Georg Popper graduated in mechanical engineering from the Technische Hochschule in Vienna in 1907. He worked afterwards as a patent lawyer and later as a partner in the company H. Palm, which traded on commission. From 1921 to 1938 he lived in the house of his brother Stefan Maximilian Popper at Alszeile 101 in Vienna's 17th district. A prospective entitlement to this property was entered for Popper in the land registry. After the Nazis came to power, the NSDAP Neuwaldegg local group, "Kreisamt" IX, and the Dornbach local group of the Nationalsozialistische Volkswohlfahrt (NSV) (National Socialist People's Welfare) had their headquarters in the Popper villa. On 20 June 1938 the Austrian Patent Office withdrew the licence of Georg Popper and twelve other Jewish patent lawyers. The H. Palm company was liquidated the same year. In his asset declaration, Popper listed furniture, carpets, silverware and a number of pictures and an extensive ethnographic collection consisting of weapons, ritual, household and lighting objects and clothing from Asia, Africa and Australia, supplemented by comparable European objects, including woodcuts, pictures, sketches and transparencies. After Popper had been interned for some weeks in early 1939 at the Landesgericht für Strafsachen (provincial court for criminal matters) in Vienna, he fled shortly after his release to the USA and lived from 1942 in Washington D. C. He became US citizen and changed his name to George E. Popper.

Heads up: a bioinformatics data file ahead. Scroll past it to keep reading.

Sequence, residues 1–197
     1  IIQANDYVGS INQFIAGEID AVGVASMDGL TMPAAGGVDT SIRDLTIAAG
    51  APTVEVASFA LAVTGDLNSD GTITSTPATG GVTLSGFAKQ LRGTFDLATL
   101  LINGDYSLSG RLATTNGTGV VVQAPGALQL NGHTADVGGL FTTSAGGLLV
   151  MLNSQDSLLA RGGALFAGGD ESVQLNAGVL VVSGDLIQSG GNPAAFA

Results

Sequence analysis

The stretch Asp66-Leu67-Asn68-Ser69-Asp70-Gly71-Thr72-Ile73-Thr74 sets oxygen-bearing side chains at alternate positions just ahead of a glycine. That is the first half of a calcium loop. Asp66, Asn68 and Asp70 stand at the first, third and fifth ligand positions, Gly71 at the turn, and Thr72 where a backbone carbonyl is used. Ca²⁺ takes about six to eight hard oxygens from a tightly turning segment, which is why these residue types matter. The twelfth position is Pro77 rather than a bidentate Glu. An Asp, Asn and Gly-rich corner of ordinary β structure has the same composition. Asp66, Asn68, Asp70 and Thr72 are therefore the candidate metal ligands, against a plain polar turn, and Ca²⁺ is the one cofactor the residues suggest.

During the provenance research at the Weltmuseum Wien it was established that some of Popper's collection had been transferred during the Nazi era to the Museum für Völkerkunde. In 1939, the Gestapo had assigned numerous ethnographic objects and forty-seven books and multi-volume publications against payment of 400 Reichsmarks to the museum. The ninety-four objects were not inventoried until years later. Two asset expropriation reports by the museum in 1946 indicate that Kreisamt IX of the NSV in Kalvarienberggasse in the 17th district had given the ethnographic objects to the Gestapo after they had "probably been expropriated during various house clearances". The Österreichisches Museum für Volkskunde (Austrian Museum of Folk Life and Folk Art) in Vienna had also received objects from Popper's collection from the NSV Hernals. As neither a first name or an address was listed, it was not until several asset declarations under the name Popper in the Austrian State Archives had been investigated and research carried out on the organization structure of the NSV in Vienna that the objects in the two museums were definitively attributed to Georg Popper. The Art Restitution Advisory Board recommended the restitution of the objects and books from the Weltmuseum Wien in 2009 and from the Volkskundemuseum in 2016. The heir has now been identified.